Propagation :
Seed – sow April in situ. The seed can either be sown broadcast or in rows about 25cm apart, thinning the plants to about every 10cm. Germination is rapid, even in fairly dry conditions. Be careful not to weed out the seedlings because they look very similar to some common garden weeds[

Edible Uses
Edible Parts: Leaves;  Seed.

Seed - cooked. A pleasant mild flavour, the seed can absorb the flavour of other foods that are cooked with it and so it can be used in a wide variety of ways. It should be thoroughly soaked and rinsed to remove a coating of saponins on the seed surface. The seed can be used in all the ways that rice is used, as a savoury or sweet dish. It can also be ground into a powder and used as a porridge. The seed can also be sprouted and used in salads though many people find the sprouted seed unpleasant. The seed contains a very high quality protein that is rich in the amino acids lysine, methionine and cystine, it has the same biological value as milk. The seed contains about 38% carbohydrate, 19% protein, 5% fat, 5% sugar. Leaves - raw or cooked. The young leaves are cooked like spinach. It is best not to eat large quantities of the raw leaves, see the notes above on toxicity.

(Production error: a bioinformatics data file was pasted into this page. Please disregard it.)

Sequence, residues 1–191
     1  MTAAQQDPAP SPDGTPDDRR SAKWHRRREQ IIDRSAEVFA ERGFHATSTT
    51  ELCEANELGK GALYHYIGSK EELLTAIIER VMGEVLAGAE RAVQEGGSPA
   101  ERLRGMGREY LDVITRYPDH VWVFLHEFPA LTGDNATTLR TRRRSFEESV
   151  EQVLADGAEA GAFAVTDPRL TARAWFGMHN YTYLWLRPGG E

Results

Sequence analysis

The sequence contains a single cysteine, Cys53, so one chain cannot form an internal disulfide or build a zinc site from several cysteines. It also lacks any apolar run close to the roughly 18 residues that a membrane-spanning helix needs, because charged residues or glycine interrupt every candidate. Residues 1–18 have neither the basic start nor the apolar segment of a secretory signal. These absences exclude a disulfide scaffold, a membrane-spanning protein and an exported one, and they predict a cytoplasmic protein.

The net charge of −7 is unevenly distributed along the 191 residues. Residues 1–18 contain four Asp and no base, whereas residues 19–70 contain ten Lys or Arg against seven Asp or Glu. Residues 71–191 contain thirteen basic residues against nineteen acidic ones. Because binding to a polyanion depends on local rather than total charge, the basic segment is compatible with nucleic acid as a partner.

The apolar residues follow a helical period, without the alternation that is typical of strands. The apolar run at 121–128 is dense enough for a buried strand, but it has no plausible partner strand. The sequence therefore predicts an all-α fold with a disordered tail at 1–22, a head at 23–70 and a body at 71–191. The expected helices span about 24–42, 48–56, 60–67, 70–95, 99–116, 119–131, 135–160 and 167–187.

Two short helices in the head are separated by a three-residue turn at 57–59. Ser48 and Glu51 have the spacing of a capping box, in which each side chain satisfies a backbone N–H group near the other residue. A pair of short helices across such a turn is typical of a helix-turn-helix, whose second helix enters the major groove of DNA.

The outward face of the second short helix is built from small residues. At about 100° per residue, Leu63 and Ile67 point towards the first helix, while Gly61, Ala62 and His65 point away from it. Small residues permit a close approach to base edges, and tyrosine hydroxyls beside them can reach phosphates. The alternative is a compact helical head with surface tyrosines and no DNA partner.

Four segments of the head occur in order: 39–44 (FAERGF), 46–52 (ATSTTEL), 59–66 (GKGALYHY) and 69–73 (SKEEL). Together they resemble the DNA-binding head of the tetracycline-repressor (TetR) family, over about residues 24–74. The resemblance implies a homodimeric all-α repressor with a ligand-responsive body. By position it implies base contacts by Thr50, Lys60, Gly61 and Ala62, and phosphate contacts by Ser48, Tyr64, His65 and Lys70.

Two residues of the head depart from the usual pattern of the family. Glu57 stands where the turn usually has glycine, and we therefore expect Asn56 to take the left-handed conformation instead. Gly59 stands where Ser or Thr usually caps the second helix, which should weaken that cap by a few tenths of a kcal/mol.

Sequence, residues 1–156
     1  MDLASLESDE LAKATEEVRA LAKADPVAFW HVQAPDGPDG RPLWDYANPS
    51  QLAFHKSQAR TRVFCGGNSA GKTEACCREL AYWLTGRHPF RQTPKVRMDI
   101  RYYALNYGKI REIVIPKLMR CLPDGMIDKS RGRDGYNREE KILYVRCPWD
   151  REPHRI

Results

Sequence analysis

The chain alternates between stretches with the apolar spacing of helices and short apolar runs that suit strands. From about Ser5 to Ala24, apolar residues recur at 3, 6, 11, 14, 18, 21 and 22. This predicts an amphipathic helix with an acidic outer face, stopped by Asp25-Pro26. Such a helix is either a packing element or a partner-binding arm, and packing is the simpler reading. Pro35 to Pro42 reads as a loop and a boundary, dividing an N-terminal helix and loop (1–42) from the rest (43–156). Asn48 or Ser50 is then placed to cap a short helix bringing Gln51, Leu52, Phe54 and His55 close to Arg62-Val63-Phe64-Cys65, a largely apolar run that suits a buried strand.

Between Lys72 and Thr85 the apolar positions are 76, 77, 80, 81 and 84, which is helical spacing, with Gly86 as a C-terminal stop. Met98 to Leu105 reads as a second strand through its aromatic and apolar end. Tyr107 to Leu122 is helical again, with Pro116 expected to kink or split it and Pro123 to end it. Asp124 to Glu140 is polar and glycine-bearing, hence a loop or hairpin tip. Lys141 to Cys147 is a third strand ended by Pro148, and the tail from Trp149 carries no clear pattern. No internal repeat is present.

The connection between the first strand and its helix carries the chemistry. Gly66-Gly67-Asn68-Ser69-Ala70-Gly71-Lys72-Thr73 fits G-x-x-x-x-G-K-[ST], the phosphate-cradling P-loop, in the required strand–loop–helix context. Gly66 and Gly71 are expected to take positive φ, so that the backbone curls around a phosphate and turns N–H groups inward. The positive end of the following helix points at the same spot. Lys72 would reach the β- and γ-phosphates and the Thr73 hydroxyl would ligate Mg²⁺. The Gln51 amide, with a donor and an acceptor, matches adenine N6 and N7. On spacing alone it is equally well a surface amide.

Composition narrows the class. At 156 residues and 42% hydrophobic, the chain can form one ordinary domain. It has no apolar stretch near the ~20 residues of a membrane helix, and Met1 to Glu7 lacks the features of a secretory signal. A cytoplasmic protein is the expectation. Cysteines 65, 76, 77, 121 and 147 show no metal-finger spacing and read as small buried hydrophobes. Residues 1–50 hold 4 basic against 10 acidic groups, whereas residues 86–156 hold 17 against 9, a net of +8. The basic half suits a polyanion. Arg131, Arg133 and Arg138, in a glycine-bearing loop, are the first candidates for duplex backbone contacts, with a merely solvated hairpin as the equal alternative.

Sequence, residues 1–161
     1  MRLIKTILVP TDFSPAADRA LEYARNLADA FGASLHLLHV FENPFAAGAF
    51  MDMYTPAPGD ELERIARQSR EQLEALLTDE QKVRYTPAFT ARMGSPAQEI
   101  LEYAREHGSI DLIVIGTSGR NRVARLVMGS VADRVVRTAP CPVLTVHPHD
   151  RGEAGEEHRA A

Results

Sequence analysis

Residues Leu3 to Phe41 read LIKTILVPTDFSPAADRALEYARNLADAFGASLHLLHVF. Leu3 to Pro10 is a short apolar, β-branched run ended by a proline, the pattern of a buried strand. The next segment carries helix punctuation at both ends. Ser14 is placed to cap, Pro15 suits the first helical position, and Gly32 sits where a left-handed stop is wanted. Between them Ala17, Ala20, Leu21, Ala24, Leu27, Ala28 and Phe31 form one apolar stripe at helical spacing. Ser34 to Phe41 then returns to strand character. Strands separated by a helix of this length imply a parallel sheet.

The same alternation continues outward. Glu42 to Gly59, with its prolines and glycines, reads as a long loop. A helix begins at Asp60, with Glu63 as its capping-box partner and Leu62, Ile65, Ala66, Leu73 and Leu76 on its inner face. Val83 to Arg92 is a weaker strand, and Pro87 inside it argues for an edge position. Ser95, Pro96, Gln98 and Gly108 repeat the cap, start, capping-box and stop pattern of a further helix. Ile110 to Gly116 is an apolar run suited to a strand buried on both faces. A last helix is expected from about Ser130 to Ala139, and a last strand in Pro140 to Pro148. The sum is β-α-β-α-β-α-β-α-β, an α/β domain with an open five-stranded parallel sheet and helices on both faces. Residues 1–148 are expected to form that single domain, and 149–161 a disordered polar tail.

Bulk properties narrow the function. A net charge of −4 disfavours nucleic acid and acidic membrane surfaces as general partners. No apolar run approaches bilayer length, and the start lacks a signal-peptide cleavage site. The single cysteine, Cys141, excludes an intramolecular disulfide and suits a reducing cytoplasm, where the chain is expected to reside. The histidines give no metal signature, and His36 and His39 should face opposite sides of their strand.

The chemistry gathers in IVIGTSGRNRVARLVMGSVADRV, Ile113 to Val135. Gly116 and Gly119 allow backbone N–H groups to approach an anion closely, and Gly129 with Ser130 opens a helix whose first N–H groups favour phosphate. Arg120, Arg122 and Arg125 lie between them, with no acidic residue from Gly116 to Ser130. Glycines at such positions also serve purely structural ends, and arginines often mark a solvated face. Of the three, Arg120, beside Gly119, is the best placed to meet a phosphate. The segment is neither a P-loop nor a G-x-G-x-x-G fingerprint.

Nutritional Value :
Quinoa was of great nutritional importance in pre-Columbian Andean civilizations, being secondary only to the potato, and was followed in importance by maize. In contemporary times, this crop has become highly appreciated for its nutritional value, as its protein content is very high (12%–18%). Unlike wheat or rice (which are low in lysine), and like oats, quinoa contains a balanced set of essential amino acids for humans, making it an unusually complete protein source among plant foods. It is a good source of dietary fiber and phosphorus and is high in magnesium and iron. Quinoa is gluten-free and considered easy to digest. Because of all these characteristics, quinoa is being considered a possible crop in NASA's Controlled Ecological Life Support System for long-duration manned spaceflights